The usual suspects: backup utilities, Spotlight and VPN

Of course, backup utilities like Time Machine, CrashPlan, Spotlight’s indexing functions and AnyConnect VPN (when connected) can slow things down considerably.  The issues I’ve described above existed even when none of these were active.

 

The Outcome – a mostly usable system

Note that I have yet to install any major third party software, but at this time, things are at an acceptable level. I still notice a tiny lag in typing speed in Safari compared to what I was used to. This has been a fairly awful experience, and from what I can see out there on forums and discussions, I’m not alone.

Update, 2 days later

After a few more days of small improvements with no real breakthroughs to the overall snappiness I am used to, I finally wiped the drive and partitioned it in two partitions. I installed Mountain Lion on one, and the other is being held in reserve. The difference in speed and responsiveness was immediate. I may eventually try Mavericks again, but not until I hear that a lot of people are having better luck with it.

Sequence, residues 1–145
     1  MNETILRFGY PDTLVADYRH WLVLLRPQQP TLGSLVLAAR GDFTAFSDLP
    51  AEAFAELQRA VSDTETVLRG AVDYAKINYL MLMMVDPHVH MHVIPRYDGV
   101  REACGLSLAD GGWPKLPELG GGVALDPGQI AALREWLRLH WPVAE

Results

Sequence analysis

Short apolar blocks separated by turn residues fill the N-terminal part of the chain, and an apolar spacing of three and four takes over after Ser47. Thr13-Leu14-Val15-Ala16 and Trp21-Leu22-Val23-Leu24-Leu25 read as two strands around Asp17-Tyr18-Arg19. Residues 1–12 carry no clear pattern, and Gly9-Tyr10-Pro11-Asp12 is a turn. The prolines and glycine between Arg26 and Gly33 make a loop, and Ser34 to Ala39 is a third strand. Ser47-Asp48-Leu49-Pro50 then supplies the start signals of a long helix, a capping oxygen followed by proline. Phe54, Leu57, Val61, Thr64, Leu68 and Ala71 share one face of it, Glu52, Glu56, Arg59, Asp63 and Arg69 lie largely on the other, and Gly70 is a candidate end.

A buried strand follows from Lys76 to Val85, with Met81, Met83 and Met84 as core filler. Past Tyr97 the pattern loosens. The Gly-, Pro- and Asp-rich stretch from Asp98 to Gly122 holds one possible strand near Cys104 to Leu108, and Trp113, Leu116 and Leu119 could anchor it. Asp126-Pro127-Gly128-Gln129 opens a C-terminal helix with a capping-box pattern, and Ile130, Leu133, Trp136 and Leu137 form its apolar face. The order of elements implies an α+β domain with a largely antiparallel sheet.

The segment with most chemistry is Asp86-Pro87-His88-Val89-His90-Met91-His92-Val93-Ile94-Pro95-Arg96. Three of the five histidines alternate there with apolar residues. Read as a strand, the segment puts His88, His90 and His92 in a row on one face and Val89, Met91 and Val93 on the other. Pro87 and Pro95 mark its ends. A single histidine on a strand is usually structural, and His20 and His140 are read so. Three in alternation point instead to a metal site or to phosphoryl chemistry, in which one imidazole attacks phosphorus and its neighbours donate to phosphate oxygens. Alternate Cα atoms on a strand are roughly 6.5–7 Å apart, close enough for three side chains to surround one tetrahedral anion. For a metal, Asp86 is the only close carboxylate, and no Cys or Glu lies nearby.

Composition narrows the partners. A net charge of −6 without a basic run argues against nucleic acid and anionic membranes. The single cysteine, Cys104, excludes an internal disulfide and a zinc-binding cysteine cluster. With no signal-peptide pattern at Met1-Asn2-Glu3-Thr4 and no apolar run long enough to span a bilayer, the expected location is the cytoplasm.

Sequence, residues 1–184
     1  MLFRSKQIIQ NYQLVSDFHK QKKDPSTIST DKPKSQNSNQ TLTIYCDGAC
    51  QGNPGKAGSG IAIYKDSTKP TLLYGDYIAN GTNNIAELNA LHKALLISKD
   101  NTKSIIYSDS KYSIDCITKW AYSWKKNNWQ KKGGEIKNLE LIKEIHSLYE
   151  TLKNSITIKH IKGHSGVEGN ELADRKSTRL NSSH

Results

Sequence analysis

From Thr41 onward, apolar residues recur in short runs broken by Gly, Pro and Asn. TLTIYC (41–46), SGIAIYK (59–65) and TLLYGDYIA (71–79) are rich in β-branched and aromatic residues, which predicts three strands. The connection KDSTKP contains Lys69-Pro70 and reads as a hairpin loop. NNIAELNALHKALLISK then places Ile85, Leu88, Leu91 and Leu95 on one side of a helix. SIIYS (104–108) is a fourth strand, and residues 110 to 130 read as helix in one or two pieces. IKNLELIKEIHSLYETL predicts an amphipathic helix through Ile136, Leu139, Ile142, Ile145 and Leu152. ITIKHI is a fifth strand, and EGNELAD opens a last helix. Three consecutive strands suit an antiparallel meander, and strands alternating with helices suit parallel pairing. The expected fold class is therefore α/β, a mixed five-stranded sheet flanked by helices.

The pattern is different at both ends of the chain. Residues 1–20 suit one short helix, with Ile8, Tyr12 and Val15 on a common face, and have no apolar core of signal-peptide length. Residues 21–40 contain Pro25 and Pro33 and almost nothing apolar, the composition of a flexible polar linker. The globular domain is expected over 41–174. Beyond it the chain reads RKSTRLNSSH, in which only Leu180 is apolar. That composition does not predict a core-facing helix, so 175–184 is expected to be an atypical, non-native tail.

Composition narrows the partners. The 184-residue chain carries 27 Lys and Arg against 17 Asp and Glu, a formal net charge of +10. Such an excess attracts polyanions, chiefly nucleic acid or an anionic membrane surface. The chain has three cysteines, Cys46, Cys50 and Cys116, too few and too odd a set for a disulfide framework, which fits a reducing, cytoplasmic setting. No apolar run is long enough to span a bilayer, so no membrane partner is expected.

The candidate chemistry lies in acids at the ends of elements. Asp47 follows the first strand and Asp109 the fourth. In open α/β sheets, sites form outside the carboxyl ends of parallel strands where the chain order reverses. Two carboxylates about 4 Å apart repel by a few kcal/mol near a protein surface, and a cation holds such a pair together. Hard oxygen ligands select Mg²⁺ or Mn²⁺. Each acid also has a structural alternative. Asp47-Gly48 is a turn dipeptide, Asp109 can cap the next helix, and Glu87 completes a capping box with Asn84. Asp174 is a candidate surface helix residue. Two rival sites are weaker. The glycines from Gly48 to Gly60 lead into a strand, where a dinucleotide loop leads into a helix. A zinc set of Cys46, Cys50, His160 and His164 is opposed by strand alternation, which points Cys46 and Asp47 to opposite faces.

Resources:

I found these discussions and tech notes most helpful:

 

Update 12 days later

Eventually, since Mountain Lion was still slower than what I was used to (although much better and less buggy than Mavericks) I also reinstalled Snow Leopard. After working with it for a few days I decided to take the plunge and replace this computer with a new 27″ iMac. It arrived with Mountain Lion installed, working beautifully, so I decided not to allow it to upgrade to Mavericks for a while – perhaps a year or two. Although the phrase “planned obsolescence” comes to mind, the new computer is working really well, so I have to consider it a career cost that comes once every 6 or 7 years.